Colorado State Public Defender Doug Wilson told his mother that he was going to be an attorney and represent poor people in Colorado when he was 10 years old… or at least that’s the story his mother tells. Whether it’s the truth or an urban legend, Wilson now supervises the 21 offices that make up the Colorado State Public Defender after spending 28 years doing criminal defense work in the state.
From small-town London, Ohio, Wilson earned his bachelor’s degree in Business Administration from Eastern Kentucky University in 1978. After a short stint working in the business world before entering law school, Wilson moved back to his home state to enjoy in-state tuition and close Ohio family ties at UC Law. His love of Skyline Chili was also a major attraction. Only once did he question his choice to attend UC Law—as he took his evidence exam in the library accompanied by the sound of constant jack hammering due to renovations of the building.
Timing Is Everything
While in law school, Wilson worked for the Public Defender’s Office in Hamilton County during the summer following his second year. Based on good timing and a student practice license, Wilson found himself in a “unique situation.” In the fall of 1980 in preparation for a major overhaul of the public defender system in Hamilton County, salaries at the Public Defender’s Office were reduced and many attorneys left. Wilson was hired by the office during his third year of law school and granted academic leave to complete his studies. In January 1981, though, the office implemented additional changes and Wilson had to look elsewhere for job prospects. Receiving an offer for employment by the Colorado Public Defender’s Office in the spring of 1981, Wilson graduated and immediately moved to Denver to begin work.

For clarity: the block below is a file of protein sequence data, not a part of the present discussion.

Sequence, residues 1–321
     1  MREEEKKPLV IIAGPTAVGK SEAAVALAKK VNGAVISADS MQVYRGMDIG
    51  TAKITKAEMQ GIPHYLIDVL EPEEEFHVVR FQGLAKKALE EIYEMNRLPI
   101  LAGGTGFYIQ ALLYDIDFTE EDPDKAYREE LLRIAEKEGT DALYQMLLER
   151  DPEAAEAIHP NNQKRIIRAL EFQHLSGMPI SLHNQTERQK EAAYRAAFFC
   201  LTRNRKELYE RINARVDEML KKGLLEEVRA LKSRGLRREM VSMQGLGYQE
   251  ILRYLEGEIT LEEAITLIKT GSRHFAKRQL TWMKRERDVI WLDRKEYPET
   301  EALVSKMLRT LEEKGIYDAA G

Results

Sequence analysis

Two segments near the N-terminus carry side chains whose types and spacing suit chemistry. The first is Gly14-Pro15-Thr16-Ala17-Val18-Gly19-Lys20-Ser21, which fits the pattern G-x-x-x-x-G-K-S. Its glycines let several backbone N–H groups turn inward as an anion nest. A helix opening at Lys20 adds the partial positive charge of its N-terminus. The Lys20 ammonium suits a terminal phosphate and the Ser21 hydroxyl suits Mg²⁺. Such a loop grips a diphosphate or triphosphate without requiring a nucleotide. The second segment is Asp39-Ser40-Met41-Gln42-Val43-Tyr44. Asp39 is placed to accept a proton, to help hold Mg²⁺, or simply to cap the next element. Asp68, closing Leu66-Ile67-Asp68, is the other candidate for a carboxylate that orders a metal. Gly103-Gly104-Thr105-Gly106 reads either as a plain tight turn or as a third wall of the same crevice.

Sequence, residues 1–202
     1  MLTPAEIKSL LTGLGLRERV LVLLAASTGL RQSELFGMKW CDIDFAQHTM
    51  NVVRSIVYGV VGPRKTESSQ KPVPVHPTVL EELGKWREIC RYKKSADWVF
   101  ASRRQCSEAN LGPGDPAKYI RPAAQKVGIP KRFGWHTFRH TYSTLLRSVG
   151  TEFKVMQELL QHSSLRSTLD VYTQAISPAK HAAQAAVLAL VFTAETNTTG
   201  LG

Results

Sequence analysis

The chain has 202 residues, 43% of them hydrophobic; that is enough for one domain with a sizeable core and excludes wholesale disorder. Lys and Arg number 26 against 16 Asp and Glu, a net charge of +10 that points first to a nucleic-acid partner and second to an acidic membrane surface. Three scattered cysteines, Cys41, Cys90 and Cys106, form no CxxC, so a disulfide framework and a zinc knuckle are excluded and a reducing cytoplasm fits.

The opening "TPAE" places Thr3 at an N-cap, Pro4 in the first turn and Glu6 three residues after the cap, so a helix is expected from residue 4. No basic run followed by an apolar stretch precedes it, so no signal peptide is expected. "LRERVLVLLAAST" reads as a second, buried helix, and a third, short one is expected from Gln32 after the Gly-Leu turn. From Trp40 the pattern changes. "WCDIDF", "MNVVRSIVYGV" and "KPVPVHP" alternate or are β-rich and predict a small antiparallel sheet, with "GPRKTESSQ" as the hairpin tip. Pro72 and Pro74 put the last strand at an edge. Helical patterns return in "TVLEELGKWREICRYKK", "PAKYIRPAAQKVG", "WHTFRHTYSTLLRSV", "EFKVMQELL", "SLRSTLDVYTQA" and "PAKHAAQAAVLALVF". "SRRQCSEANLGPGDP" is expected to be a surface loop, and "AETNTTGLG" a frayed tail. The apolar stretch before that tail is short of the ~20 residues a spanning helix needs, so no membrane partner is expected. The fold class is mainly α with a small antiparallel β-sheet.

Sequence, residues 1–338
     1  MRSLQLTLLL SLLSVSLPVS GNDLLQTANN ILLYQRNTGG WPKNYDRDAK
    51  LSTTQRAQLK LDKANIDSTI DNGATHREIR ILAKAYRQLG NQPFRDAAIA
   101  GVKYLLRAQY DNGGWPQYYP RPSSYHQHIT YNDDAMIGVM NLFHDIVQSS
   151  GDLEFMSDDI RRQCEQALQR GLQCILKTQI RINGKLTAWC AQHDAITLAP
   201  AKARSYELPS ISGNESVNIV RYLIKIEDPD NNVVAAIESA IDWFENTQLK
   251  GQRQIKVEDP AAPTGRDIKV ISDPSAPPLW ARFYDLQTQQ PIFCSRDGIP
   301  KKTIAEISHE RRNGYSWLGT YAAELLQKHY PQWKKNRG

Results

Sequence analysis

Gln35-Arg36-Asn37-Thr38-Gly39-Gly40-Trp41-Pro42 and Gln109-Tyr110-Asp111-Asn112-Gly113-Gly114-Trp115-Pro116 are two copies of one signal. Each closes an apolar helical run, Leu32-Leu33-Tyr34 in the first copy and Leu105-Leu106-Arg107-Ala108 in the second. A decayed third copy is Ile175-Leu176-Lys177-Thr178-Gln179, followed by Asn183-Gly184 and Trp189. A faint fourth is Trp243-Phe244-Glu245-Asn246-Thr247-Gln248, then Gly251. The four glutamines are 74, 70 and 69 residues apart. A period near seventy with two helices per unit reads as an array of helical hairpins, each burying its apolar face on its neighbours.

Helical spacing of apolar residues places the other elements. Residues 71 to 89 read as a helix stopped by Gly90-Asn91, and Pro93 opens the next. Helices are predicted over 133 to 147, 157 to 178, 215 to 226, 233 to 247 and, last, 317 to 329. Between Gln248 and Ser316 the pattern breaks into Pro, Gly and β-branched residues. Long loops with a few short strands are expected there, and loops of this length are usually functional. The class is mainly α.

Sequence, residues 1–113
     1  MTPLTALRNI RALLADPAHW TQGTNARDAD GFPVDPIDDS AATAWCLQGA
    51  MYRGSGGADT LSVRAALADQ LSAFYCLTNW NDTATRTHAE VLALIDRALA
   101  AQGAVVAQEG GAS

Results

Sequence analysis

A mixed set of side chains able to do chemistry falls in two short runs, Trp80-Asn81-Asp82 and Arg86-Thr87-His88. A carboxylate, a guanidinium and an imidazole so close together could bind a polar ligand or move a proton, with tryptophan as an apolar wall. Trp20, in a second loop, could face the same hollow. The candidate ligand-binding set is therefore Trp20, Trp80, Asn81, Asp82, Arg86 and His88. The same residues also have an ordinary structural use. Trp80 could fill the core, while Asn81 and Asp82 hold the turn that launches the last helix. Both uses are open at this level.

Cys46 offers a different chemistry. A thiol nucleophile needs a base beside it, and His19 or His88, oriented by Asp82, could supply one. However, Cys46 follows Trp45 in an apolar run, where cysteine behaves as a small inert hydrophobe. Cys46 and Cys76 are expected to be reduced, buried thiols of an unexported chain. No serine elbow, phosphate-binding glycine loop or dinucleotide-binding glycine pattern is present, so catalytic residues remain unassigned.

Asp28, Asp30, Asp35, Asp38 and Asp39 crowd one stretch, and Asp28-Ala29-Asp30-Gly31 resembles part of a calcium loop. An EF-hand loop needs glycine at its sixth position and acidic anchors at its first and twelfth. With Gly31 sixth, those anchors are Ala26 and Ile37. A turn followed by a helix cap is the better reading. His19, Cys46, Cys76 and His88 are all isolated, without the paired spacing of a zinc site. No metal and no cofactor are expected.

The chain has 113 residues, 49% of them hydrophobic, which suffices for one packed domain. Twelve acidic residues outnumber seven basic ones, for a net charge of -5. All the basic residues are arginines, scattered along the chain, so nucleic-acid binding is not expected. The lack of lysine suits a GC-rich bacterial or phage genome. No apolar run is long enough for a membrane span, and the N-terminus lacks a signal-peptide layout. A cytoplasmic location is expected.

Life in Private Practice
In 1985, Wilson began private practice where he remained until 1992. His criminal defense work continued as about half of his practice constituted court appointed indigent defense. The other half of the time, Wilson worked in the area of personal injury. It was also in 1985 that Wilson met and married his wife Christy Naranjo.
A Return to PD Work
It wasn’t long before Wilson returned to the Public Defender’s office. In 1992, he became the head of the office in Pueblo, Colorado and began doing death penalty work across the state. In 2005, he was appointed to the position of Chief Trial Deputy in Denver and focused the scope of his work entirely on death penalty work.
Not long after his appointment, Wilson was asked to step in as the State Public Defender in charge of the entire system of 534 employees and 21 offices across the state. He gladly took the position and although he misses the time spent in the courtroom, he realizes how important his new responsibilities are. “I’m in charge of hiring new folks and dealing with the legislature,” he explained. His responsibilities include traveling across the state once a year on a road trip to visit the Western offices in addition to an intense interview schedule of prospective candidates from November until January. One of his hires was recent UC Law grad Angela Chang. “I’ve probably done about 100 interviews so far this year,” he explained. From January to May, he spends at least three days a week at the Capitol building testifying in front of the House and Senate Judiciary Committee regarding bills that could either benefit or hurt the office’s clients. Meetings, trainings, and conferences are sprinkled in for good measure.
In his free time, Wilson enjoys spending time with his wife and two dogs, Keeshonds Osita (meaning “little bear” in Spanish) and Oreo. He enjoys the occasional golf or fly fishing outing noting “that’s pretty much the extent of my physical ability at my age.”
Contact Doug at firstname.lastname@example.org.
Author: Mandy Shoemaker, '09